On Books and Bar Tending: An Interview with Chris Hearn

Chris Hearn is not yet 30, but in his 29 years he’s toured Australia, the US and Europe as an experimental pop musician, he’s organised and managed countless music-focused events, and most recently, in 2012, he opened a unique bar and venue in the middle of Newcastle. He’s also a poet, writer and voracious  reader, and, perhaps most importantly, the loving father of a 5-year-old boy named Wolfgang.

Chris shares his poetry at the Word Hurl Anti-Slam.

“Very few people can make the music work for them past their early 20s,” he told me. “I’m not delusional about supporting myself and my family. I know I have to stay in one place. I’m growing up, and I’m okay with that.”

The Terrace Bar is located on 529 Hunter Street, and it serves as a great venue for all kinds of events, from music to poetry slams to ping pong championships. The bar is named after the upstairs balcony which is open until 10 p.m. Thursday- Sunday. Visit the upstairs level and you’ll find folks drinking cocktails and having conversations, while downstairs hosts a darker side, lit by candles and absent of windows. Here music is deliberately selected, featuring a range of eras and styles. DJs regularly come in to spin records. The ambiance is inimitable, dreary with a disco ball. The bar’s exterior is black.

The Terrace Bar’s interior.

Chris was inspired to open The Terrace after touring the US and Europe and experiencing many different places to drink. He wanted to build a bar in Newcastle which brought together a community of artists and musicians. The Terrace’s vibe was inspired by a combination of what appealed to him aesthetically and the fact that he had little/no money at the time of its opening. Stripping back the paint and plaster to bring out the different lives the building has had throughout the years, Chris worked within his limitations to maintain the buildings history and heritage.

 The cocktail headquarters

The Terrace’s bar tenders are all specifically trained in cocktail making. Most of them were also Chris’ friends before being hired, which, Chris acknowledged, isn’t always the best business decision.

Young Mitch Townsend is the Terrace’s barman of exception to this. Chris found Mitch drinking in an award-winning cocktail bar in Sydney, where they were both trying to steal tips off the bartender. When Chris learned Mitch lived in Newcastle and was working for an “inferior local bar”, Chris hired him on the spot.

“The Terrace is run by young people who give a shit, and it’s a good place to go if you like to enjoy the taste of what you’re drinking, rather than getting pissed (Australian slang for drunk),” Chris said.

He added that, unlike some establishments in Newcastle, you won’t get bashed (Aussie slang for punched) at the Terrace, and you might even meet someone you have something in common with.

While he’s not found the time to make music like he did before the bar opened, Chris is able to read and write at his pace, which he’s found quite rewarding.

Chris is sometimes a bit shy when you first meet him, but on the topic of literature, he’s immediately open and warm. He’s knowledgeable and insatiable when it comes to books.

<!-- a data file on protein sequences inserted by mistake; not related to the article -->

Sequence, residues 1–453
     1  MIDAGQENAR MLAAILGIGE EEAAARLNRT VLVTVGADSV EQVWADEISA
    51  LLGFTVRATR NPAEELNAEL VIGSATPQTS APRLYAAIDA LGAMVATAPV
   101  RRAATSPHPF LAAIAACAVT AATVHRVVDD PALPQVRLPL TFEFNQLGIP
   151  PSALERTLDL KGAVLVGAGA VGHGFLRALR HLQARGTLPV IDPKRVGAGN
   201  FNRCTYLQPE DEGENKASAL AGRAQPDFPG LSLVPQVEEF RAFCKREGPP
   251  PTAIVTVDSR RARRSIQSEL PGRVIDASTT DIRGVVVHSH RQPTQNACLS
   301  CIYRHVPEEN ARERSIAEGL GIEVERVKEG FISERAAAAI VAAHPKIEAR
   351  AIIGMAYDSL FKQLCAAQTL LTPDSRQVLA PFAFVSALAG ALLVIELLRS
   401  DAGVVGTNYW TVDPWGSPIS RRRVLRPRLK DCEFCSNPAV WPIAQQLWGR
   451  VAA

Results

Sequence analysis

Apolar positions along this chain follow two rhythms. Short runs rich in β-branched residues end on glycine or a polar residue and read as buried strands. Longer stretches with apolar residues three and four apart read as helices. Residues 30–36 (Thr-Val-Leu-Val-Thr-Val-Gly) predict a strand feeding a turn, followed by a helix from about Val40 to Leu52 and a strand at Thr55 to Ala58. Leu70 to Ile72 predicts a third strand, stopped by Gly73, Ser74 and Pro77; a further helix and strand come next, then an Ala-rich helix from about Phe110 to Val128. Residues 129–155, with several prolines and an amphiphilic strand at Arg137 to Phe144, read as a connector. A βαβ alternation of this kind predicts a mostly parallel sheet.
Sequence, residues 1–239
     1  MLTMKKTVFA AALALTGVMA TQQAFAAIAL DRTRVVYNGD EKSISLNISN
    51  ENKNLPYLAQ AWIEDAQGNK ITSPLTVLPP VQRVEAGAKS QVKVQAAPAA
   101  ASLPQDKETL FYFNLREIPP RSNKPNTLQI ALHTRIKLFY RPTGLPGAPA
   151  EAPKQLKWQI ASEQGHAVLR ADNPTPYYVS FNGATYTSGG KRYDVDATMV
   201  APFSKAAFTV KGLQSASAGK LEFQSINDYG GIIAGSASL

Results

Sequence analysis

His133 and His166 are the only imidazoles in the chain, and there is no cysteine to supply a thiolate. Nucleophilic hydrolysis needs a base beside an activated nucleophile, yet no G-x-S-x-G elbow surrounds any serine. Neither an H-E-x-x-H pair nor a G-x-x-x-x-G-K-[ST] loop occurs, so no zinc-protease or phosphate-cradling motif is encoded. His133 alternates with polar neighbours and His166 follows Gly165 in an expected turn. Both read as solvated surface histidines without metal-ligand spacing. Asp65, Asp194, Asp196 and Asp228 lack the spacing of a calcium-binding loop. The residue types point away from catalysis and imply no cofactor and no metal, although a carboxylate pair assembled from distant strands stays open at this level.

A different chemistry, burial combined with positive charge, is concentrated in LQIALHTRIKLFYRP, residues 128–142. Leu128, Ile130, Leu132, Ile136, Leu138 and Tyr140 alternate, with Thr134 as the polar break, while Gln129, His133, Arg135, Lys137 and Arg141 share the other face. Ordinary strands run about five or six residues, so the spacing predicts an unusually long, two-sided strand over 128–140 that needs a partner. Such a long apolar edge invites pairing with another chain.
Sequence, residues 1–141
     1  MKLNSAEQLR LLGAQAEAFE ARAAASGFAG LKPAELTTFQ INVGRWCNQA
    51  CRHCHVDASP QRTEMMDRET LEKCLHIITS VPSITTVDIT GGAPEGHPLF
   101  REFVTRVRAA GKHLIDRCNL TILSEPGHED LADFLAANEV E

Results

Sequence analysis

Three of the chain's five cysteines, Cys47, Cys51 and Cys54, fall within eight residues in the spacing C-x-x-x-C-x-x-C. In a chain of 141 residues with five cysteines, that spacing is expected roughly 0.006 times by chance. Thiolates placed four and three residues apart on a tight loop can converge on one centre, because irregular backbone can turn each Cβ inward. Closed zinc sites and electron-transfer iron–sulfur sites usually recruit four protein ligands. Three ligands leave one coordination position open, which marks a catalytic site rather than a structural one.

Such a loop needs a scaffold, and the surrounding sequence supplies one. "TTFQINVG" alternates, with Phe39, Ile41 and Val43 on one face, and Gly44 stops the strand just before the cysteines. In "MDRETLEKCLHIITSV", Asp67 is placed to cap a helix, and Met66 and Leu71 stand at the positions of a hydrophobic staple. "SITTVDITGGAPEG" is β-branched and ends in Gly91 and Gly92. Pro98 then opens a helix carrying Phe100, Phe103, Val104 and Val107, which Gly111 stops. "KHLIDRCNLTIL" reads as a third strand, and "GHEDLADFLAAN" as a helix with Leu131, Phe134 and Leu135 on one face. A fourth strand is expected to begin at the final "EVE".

Currently Chris is reading Deleuze and Gattari’s The Anti-Oedipus and it’s making his head hurt. Because his head hurts, he’s also reading Vonnegut’s The Sirens of Titan.

He’s reading The Pursuit of Happiness by Bertrand Russell as it’s “the closest thing to self-help I can stomach”.

“Every Autumn I read Apollinaire, that sounds really wanky, but I do,” he said.

If there’s one writer he encourages every person to read its Proust, particularly his In Search of Lost Time because “it’s everything. A lot of people are intimidated by Proust, but once you get into the flow of it, it’s quite easy to read. Proust out does all literature before and afterward. I think every serious reader should give it a go,” he said.

Chris made sure his son was exposed to good literature as soon as possible.

“I read him The Divine Comedy, The Iliad, The Odyssey, Keats, Herman Hesse and Knut Hamsun. I’d spend a couple of hours a day reading to him aloud; I wanted him to develop an understanding of language that he wouldn’t get from overhearing everyday people talking in everyday dialect,” he said.

Because Chris did this, when his son first began to talk, there was a “metrical quality to his nonsensical sentences”.

Chris and Wolfgang

Chris has written most of his life as well. He remembers winning a poetry contest in the 4th grade, and since then he’s continued writing, though only in the past year has he publicly shared words that weren’t set to music.

Chris has found ways to channel his creative music-making energy into writing and making cocktails. He gets as much satisfaction making cocktails for people as he does playing music or writing. Like music connoisseurs or book worms, no two thirsty people will have the same taste, and Chris won’t recommend one drink over another.“I like to talk to everyone who comes in before I make them a drink and get a gauge of their pallet and where they are in their day. Then I can usually make a drink for them,” he said.

If you’d like to hear Chris’ poetry, visit the Terrace during a Poetry Slam on the first Thursday of each month, and you might get lucky. If you’re craving a cocktail and an atmosphere that’s not-so- Newcastle, you just might have to visit The Terrace, ask Chris for a drink, and let him get to know you.

Chris shakes things up